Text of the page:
For patients with blunt abdominal trauma, solid organ (liver, spleen, kidney) injuries are most common. Many of these injuries can be successfully managed nonoperatively as long as the patient remains hemodynamically stable. Unexplained hemodynamic instability or physiologic deterioration early after injury in a patient who is being managed nonoperatively should prompt an investigation into whether the patient has “failed” nonoperative management and bled or if the patient has a missed injury. Hollow viscus injuries from blunt trauma may be missed during the initial assessment of the patient because of an altered mental status, distracting injuries, or falsely negative imaging studies. Changes in the patient’s abdominal examination or unexplained sepsis should prompt consideration of a hollow viscus injury and need for laparotomy.
Patients with penetrating trauma have traditionally required laparotomies more frequently than patients with blunt injuries. However, nonoperative management of patients with penetrating trauma who are hemodynamically stable with isolated solid organ injury and no peritonitis at the time of admission has also become standard (75–77).
For trauma patients in extremis who undergo a damage control laparotomy, during which major bleeding is controlled, contamination minimized, and the abdomen packed, the abdominal fascia is left open to prevent abdominal compartment syndrome and allow reexploration once homeostasis has been restored. Ideally, the abdomen is left open for no more than 72 hours (78). During this time, patients are usually sedated. Neuromuscular blockade is only used if absolutely necessary. Prior to reexploration and attempted closure, minimizing use of crystalloids and judicious fluid removal, either with diuretics or renal replacement therapy, may improve fascial closure rates (79).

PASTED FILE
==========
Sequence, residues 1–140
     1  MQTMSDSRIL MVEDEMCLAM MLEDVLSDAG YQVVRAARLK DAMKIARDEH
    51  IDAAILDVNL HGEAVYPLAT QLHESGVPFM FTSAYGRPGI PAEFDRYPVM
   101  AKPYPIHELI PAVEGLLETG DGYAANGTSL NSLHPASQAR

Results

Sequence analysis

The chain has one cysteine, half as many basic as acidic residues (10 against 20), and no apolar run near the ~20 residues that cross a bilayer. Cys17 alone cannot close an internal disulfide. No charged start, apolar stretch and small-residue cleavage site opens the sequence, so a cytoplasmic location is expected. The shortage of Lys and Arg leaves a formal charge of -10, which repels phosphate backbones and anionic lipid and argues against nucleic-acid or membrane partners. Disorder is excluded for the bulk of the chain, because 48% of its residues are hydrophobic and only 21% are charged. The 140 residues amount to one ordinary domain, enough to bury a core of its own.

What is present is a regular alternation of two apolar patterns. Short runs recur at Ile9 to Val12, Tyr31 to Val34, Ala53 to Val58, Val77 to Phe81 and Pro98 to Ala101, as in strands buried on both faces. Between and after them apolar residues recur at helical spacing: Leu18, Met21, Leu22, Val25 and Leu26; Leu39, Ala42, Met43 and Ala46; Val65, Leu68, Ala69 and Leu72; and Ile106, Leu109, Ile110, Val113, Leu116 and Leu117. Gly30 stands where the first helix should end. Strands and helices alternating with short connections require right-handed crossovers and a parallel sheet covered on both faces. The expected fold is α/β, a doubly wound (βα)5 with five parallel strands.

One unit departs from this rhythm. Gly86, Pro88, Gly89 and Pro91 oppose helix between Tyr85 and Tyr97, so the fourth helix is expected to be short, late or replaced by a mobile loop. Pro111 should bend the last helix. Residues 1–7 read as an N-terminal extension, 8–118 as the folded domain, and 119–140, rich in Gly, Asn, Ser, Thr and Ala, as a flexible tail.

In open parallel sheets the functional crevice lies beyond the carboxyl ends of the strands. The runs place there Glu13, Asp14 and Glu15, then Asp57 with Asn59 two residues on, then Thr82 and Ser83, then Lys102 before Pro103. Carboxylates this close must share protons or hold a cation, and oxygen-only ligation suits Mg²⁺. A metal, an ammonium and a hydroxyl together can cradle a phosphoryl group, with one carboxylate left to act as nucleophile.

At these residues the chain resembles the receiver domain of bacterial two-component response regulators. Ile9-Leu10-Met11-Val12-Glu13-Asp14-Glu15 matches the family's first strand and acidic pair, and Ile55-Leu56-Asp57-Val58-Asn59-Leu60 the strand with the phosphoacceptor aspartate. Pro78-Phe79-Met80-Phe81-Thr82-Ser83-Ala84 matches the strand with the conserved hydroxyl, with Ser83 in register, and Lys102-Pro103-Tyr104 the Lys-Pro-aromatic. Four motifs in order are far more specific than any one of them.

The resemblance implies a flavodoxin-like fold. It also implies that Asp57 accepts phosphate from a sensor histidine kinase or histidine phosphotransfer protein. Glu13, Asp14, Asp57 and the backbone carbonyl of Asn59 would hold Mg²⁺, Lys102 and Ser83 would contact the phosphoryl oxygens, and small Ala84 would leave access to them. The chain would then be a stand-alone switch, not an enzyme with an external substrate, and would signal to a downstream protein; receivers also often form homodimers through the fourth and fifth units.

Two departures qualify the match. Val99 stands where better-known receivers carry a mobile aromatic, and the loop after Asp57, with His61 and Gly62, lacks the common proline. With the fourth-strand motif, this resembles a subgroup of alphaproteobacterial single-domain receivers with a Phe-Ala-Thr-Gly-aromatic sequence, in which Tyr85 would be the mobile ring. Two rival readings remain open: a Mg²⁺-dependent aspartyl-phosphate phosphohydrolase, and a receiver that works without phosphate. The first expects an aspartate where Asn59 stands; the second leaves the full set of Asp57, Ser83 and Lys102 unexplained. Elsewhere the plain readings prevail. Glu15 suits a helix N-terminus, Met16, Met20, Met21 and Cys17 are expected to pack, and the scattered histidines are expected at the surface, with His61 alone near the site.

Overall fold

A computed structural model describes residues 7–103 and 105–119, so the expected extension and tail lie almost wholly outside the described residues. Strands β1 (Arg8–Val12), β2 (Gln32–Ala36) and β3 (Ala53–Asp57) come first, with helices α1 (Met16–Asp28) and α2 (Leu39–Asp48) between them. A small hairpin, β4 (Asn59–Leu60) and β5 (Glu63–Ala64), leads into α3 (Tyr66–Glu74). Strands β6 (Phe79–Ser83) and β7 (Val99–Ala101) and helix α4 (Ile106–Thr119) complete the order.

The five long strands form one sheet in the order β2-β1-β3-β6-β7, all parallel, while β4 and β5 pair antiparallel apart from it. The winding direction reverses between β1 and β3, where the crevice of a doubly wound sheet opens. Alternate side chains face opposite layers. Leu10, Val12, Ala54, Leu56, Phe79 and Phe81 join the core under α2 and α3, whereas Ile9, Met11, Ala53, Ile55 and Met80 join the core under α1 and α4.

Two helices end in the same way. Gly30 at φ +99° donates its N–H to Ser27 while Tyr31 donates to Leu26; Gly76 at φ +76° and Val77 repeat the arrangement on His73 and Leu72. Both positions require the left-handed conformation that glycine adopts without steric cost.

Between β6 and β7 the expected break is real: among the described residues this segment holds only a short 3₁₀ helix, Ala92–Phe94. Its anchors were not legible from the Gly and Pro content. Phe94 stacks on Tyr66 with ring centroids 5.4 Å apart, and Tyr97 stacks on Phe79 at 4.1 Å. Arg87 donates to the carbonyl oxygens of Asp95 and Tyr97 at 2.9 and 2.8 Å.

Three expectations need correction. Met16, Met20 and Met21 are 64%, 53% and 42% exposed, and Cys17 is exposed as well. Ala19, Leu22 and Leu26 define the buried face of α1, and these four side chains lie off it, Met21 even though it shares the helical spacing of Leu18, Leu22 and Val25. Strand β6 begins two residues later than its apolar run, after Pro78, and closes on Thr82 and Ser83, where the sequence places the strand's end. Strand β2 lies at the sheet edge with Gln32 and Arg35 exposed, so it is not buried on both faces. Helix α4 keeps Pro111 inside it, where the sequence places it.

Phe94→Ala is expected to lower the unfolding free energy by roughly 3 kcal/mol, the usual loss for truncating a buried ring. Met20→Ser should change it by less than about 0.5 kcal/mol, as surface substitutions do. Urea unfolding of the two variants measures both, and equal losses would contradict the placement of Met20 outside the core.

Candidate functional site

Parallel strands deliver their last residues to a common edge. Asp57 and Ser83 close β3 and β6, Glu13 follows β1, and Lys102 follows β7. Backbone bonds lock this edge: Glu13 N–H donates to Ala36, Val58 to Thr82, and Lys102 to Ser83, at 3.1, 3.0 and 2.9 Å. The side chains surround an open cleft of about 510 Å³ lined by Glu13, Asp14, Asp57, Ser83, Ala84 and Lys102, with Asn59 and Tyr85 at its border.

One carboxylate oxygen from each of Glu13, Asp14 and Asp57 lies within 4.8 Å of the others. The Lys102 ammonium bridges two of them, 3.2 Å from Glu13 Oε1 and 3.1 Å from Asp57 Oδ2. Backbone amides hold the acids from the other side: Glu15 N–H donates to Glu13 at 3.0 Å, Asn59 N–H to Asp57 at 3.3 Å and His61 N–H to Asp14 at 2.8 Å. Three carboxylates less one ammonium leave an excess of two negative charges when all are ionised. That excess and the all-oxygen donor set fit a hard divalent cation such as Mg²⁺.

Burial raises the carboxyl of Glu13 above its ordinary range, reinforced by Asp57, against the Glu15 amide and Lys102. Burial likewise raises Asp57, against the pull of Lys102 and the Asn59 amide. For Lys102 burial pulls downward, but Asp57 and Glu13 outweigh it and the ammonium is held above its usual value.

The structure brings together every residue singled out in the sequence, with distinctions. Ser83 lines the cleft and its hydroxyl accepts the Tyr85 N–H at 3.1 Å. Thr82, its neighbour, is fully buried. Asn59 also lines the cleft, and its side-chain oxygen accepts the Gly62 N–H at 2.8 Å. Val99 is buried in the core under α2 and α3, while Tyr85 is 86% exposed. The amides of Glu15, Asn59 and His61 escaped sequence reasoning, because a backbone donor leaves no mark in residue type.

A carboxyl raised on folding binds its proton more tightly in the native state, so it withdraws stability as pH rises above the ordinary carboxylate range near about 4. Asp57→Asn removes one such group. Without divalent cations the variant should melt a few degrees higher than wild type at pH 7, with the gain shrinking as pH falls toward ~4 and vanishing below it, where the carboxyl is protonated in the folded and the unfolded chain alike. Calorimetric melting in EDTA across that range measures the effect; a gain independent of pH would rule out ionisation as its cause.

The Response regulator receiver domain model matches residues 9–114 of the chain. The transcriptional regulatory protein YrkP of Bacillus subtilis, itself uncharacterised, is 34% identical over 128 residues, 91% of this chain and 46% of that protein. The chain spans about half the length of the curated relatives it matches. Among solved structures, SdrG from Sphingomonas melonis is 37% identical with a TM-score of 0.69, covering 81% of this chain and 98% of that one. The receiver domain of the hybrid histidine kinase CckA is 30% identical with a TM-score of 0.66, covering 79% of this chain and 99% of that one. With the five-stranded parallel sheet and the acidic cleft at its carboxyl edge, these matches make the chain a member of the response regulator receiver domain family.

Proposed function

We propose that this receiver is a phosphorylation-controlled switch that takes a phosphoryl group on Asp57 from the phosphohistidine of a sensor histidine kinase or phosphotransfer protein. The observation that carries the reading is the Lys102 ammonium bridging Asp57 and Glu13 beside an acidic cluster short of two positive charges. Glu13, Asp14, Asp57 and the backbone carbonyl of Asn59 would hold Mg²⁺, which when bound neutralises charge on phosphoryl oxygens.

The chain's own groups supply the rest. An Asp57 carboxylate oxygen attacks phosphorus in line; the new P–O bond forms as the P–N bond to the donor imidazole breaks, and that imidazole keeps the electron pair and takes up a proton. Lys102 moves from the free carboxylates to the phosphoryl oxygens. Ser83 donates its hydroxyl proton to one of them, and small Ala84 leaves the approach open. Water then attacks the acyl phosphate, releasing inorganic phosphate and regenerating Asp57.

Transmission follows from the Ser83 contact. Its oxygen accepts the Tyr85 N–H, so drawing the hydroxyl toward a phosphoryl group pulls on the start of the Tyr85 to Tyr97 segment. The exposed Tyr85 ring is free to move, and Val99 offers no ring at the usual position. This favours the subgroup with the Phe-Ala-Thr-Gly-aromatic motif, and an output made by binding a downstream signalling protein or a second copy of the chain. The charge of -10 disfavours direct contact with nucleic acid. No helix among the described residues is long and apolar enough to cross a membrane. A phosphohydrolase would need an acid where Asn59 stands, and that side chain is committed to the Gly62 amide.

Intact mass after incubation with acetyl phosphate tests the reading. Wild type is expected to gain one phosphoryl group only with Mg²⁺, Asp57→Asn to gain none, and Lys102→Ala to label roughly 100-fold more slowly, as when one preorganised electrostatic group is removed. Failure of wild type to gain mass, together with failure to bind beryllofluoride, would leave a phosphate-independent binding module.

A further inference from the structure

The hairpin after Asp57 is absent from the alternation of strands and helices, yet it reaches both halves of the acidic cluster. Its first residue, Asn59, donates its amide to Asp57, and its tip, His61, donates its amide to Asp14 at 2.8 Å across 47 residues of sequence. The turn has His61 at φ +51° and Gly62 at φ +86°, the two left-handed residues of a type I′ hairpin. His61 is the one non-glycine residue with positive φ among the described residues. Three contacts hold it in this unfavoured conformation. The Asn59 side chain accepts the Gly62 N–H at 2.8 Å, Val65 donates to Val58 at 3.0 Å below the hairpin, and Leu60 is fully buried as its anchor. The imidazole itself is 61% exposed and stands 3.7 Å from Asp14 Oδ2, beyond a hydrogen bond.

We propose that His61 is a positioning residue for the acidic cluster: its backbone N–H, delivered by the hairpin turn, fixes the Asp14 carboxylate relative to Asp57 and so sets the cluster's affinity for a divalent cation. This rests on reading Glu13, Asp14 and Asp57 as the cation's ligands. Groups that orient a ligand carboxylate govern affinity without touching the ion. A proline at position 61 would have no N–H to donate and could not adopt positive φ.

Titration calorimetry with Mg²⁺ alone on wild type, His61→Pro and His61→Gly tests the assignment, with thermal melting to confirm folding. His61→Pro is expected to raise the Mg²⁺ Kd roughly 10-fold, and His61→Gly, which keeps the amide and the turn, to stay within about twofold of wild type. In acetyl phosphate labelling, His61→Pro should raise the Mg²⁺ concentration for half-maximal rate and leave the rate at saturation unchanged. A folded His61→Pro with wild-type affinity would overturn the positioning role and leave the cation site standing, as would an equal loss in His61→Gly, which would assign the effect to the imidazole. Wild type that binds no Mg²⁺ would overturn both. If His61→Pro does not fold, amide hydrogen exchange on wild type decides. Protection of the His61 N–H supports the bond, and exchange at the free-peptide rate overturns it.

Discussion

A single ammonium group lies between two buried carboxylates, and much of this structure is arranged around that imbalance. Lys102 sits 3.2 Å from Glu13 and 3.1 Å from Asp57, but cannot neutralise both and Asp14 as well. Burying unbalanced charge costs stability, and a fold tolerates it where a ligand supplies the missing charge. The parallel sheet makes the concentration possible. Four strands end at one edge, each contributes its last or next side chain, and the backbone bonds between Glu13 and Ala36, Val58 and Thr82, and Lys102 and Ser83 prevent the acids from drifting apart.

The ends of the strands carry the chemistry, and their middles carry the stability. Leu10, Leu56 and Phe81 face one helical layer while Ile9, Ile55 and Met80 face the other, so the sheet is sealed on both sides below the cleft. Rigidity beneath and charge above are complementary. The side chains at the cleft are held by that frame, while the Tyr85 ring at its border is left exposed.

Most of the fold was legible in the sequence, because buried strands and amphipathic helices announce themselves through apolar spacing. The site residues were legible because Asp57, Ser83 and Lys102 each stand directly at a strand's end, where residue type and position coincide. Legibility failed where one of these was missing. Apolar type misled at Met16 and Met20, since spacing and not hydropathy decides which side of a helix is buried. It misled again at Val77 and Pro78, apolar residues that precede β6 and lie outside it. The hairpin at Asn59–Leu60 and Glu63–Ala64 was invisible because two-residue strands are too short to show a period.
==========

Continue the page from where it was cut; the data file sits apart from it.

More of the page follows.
Patients with active hemorrhage and orthopedic injuries may not tolerate early, definitive fixation of fractures. A damage control orthopedics approach, focusing on hemorrhage control, restoration of perfusion, and minimization of contamination, similar to that described above for abdominal trauma, may be appropriate (80). Definitive repairs can be postponed.
For patients with severe TBI, there is little that can be done to treat the “primary injury” to the brain. Therefore, ICU management of the patient with TBI largely focuses on prevention and mitigation of “secondary insults” such as hypoxia, hypotension, cerebral edema, and ischemia. Patients may present to the ICU either postoperatively after evacuation of a mass lesion (such as a subdural or epidural hematoma), for close neuromonitoring in the setting of severe TBI, or with severe concomitant injuries in the setting of a mild or moderate TBI.
Comatose patients, typically defined as having a Glasgow Coma Scale score of less than 9, should have their airway secured. Rigorous prevention of hypoxia is essential. Maintaining adequate ventilation is also important as hypercarbia can increase intracranial pressure (ICP). Standard management should include adequate analgesia and sedation, initiation of posttraumatic seizure prophylaxis, maintenance of normothermia, initiation of enteral nutrition when possible, stress gastritis prophylaxis, and venous thromboembolism prophylaxis. Frequent neurologic tests including a pupillary examination are important to detect early evidence of worsening that may require neurosurgical intervention.